Why Aren't More Men Voting for Clinton?

Washington Matters

Why Aren't More Men Voting for Clinton?

 A female reader, in a pointed e-mail last week, asked why the press isn't paying more attention to the fact that so many men  "won't vote for Hillary,"  clearly implying that we should and if we do, we'll find it's all sexism. So I did pay more attention, but I came up with a different answer.


With a primary set for Tuesday in Maryland, my home state, I find myself witnessing painful discussions among those of my friends who are Democrats, especially women. These are generally people who are very involved in public affairs, the kind who usually know what they believe and what they want without hesitation. But this time, they are sorely conflicted, changing their minds almost daily between Barack Obama and Hillary Clinton. Three comments from women at a birthday brunch (reported from memory) tell the story:


 "I really think Obama is the better choice and has a better chance of winning, but this may be the last chance in my lifetime to vote for a woman for president. How can I pass that up?"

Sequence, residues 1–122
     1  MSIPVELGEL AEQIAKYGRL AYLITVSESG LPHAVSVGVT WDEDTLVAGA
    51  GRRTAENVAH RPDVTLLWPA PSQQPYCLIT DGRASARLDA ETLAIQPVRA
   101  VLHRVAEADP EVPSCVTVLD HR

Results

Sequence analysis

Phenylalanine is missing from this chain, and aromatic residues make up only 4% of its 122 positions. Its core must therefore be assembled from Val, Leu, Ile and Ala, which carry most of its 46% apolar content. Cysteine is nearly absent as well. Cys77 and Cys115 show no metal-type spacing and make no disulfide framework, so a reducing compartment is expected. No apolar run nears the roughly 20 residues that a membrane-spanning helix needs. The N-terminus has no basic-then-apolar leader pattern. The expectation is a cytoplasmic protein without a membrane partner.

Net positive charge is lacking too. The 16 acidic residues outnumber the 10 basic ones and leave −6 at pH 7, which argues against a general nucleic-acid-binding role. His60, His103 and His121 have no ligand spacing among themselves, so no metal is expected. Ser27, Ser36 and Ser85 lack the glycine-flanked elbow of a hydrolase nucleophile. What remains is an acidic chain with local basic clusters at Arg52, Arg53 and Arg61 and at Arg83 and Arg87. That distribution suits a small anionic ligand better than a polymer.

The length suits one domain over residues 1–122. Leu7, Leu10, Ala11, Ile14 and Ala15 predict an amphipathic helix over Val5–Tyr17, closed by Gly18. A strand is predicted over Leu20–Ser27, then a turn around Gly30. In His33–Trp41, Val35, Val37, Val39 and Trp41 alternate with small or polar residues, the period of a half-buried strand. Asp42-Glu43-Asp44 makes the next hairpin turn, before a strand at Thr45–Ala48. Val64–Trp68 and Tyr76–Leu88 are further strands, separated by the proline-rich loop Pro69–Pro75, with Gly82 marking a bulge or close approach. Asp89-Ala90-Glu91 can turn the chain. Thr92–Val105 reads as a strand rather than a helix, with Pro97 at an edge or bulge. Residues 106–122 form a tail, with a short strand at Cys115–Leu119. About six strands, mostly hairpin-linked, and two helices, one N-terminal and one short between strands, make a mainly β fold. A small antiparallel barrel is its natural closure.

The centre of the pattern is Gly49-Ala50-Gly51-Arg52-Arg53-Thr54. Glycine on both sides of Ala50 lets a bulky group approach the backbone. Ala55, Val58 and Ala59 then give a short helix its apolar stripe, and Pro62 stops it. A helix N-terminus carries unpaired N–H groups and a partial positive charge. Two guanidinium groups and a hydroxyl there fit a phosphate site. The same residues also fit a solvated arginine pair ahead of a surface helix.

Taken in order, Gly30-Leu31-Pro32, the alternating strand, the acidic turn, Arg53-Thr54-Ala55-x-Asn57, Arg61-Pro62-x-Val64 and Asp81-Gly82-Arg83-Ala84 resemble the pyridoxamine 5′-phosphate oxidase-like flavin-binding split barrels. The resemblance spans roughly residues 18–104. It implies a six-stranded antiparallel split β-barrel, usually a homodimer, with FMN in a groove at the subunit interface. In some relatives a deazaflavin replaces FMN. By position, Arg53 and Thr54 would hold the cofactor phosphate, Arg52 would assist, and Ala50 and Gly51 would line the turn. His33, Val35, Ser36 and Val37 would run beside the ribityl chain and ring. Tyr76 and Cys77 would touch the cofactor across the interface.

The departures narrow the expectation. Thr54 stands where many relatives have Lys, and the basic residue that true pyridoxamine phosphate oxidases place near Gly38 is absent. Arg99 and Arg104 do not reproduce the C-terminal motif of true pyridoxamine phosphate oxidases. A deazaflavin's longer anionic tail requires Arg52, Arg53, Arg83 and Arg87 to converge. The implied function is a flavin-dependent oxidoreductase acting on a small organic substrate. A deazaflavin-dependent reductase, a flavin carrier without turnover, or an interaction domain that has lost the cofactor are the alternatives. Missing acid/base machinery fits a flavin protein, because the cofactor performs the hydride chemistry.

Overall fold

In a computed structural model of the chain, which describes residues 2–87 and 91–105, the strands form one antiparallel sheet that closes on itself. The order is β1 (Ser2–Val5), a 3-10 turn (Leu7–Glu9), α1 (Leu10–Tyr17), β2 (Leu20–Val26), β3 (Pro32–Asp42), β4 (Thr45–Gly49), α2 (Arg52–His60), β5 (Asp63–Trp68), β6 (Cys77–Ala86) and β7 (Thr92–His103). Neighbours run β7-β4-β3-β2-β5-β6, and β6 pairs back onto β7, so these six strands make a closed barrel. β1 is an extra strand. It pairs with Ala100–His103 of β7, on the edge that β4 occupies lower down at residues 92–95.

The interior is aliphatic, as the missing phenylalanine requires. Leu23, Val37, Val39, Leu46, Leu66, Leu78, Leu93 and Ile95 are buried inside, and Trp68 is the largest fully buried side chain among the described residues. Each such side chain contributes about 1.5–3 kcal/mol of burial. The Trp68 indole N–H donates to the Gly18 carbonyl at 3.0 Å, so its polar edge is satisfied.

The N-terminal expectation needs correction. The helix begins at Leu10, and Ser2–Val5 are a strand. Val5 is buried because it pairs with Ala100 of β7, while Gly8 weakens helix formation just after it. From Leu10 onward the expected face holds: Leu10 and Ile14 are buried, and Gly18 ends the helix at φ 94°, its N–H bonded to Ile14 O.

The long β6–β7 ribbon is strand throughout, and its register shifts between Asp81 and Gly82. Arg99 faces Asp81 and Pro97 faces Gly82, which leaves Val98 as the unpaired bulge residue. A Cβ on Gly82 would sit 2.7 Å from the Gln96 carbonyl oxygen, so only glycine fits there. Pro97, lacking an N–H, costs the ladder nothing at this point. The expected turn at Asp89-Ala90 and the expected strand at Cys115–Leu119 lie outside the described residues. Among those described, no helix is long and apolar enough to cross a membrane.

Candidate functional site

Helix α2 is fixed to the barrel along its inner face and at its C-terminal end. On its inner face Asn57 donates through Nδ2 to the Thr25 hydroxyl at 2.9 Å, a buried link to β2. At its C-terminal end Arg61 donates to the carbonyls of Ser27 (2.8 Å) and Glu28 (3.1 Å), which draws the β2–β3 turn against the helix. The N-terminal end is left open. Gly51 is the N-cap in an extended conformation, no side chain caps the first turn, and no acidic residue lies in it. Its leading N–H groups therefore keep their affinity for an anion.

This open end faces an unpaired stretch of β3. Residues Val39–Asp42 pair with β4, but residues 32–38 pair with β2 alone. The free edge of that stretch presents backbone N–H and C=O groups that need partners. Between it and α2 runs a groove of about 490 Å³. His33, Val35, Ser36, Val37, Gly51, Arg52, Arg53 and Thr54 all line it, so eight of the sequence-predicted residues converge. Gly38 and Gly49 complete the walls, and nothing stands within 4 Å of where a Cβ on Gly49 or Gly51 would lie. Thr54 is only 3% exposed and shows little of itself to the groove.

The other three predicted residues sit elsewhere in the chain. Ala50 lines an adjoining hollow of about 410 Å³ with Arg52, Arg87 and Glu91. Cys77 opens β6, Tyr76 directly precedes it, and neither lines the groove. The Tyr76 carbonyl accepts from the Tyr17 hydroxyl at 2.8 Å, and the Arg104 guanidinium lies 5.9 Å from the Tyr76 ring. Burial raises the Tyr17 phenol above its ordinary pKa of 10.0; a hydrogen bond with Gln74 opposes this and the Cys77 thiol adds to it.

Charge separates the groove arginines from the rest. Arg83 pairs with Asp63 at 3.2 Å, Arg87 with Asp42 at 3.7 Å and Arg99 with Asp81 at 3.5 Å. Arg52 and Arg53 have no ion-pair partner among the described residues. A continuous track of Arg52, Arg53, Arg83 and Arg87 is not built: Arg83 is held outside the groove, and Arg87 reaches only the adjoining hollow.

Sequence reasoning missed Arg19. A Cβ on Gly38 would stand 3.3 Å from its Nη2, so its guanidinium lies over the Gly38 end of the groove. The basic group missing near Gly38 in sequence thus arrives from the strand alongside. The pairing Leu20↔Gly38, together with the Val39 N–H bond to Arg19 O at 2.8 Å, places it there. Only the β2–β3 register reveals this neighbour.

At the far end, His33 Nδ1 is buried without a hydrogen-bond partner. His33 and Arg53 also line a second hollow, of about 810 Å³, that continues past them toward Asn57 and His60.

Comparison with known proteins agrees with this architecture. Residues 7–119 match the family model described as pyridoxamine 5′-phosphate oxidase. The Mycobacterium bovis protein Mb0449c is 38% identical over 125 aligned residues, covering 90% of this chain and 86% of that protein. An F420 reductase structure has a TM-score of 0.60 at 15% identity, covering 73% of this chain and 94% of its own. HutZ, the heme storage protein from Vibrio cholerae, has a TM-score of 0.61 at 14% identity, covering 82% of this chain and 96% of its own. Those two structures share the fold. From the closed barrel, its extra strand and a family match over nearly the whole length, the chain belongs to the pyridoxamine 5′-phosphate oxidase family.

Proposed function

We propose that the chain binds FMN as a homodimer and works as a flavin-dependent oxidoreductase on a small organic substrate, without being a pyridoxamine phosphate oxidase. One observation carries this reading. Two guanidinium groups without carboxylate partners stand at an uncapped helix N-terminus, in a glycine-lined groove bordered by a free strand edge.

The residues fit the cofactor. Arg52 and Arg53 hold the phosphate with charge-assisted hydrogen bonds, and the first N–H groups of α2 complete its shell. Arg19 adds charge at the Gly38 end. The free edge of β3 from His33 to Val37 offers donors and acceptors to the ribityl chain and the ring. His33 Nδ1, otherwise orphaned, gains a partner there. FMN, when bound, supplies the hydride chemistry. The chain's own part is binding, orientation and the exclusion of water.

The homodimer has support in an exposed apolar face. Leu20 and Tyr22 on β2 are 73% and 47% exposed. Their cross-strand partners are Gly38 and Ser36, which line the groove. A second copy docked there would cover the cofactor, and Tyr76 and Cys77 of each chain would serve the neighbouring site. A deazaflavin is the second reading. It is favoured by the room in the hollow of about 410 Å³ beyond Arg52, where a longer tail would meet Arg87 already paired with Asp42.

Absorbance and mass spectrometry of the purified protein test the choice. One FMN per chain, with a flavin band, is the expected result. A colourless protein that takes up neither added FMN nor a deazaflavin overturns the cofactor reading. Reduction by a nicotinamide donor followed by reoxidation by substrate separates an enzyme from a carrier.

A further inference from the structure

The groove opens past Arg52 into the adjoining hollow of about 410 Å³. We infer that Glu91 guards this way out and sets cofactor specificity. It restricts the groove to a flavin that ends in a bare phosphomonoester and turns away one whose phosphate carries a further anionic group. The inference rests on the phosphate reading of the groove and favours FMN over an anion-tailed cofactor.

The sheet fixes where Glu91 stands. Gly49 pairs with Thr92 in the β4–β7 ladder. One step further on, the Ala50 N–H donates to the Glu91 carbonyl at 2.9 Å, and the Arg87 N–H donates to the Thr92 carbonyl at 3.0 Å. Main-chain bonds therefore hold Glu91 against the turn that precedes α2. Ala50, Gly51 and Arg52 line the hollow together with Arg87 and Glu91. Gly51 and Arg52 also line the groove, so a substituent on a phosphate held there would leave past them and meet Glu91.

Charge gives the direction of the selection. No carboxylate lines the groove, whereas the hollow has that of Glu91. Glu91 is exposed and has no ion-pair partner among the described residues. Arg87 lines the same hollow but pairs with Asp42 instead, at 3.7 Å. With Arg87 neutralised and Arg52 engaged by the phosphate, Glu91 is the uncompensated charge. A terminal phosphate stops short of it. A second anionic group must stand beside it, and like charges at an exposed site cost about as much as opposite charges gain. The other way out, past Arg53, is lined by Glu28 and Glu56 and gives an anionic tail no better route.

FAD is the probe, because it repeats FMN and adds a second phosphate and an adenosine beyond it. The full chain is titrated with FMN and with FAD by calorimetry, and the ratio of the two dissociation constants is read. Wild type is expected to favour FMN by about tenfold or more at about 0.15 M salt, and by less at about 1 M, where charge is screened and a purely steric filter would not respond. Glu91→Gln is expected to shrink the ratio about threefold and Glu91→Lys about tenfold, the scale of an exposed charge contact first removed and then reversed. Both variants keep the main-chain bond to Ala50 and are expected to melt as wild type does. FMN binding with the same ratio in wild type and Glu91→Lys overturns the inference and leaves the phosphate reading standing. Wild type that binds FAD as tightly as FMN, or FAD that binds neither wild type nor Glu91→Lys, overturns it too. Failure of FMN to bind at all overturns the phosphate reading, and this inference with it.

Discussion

"I pulled out a yellow legal pad and listed all the pros and cons. Obama won, but I'm voting for Hillary anyway. I can't explain it."   


"I have to vote for Hillary because of all she's done for women like me."


I wonder, then, if my e-mail writer is asking the wrong question. It's not why aren't more men voting for Hillary, it's why are so many women so committed to her that makes for a fascinating examination. One answer, as Margie Omero argues at Pollster.com is that women are drawn to Hillary because they share her ideology and outlook or because they think she will look out for them economicaly. There's surely some truth in that, but something else is also going on.


Could it be that Democratic men and women are doing the same analysis, but the men are sticking with it while women-- because of the discrimination they've faced throughout their lives and careers -- are deciding that gender IS important. This seems to be slightly less the case for younger women, who are more likely to support Obama, either because they face less discrimination as a result of those who blazed a path for them -- or because they just haven't yet had to face it.